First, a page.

Covering the Ob Hill Cross

the Observation Hill cross protective cover
Installing the protective cover, January 2015. From left: Norwegian NZAHT
conservation carpenter Torbjørn Prytz and Scott Base employee Angus Watson

The cross was originally carried up the hill by members Scott's Terra Nova Expedition in January 1913. It took 7 men two days for them to haul the ten-foot cross to the top of Observation Hill. It remained in place for 62 years until the 1974 winter, when heavy winds blew it down. Members of the Scott Base w/o team put it back up on 24 September. It would blow down again in the 1993 winter, and was carried back up the hill the next summer.

The covering project was an effort by the New Zealand Antarctic Heritage Trust (NZAHT) to preserve the lettering on the cross from the worst of the prevailing southerly weather.

the cross in 1913
What's going on? Well, the NZAHT recognized that the lettering on the cross was slowly being eroded away by the fierce winter winds...and was no longer nearly as legible as it was in this 1913 photo by Frank Debenham, taken shortly after it was erected.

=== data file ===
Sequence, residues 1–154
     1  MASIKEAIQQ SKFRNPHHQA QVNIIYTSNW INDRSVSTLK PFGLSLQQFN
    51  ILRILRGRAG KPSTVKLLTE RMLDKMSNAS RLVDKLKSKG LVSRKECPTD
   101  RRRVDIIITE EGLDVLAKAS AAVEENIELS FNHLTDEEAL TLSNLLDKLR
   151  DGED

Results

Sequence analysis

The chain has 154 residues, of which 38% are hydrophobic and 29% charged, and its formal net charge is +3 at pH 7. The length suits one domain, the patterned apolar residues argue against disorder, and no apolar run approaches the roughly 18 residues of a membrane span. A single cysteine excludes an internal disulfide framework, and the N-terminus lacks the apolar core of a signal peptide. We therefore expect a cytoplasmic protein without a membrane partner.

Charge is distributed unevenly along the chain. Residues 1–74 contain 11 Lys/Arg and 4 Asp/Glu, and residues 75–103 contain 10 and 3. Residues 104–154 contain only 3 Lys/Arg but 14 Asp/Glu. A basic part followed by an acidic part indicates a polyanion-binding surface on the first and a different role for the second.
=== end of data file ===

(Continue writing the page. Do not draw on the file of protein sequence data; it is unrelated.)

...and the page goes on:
the cross in 2005
But by 2005 when I took this photo, you really had to be there to read the inscription.

At some point(s) in the past the lettering had apparently been filled in with white paint, but it was still unreadable unless you looked closely and/or the sun was at the exact angle to shadow the lettering and make it more legible. Hence this project.

Darryn Slee and x working on the cross sheathing
This photo is one of three from this 16 January 2015 Otago Daily Times article about carpenter Darryn Slee (right) who was working at Scott Base. Torbjørn is at left.
Alastair FastierAnother look...this one depicts Scott Base electrician Alastair Fastier test-fitting the cover. This time Torbjørn is the photographer. Photo from the ANZ Digital Asset Manager...(full size image page which includes all credits, copyright, and usage restrictions).

Credits not mentioned above...the large photo at the top of the page is courtesy of Angus Watson, it appears in this blog post of his: Angus's Adventures. Frank Debenham's 1913 photo of the cross appeared in the November/ December 1974 Antarctic Journal.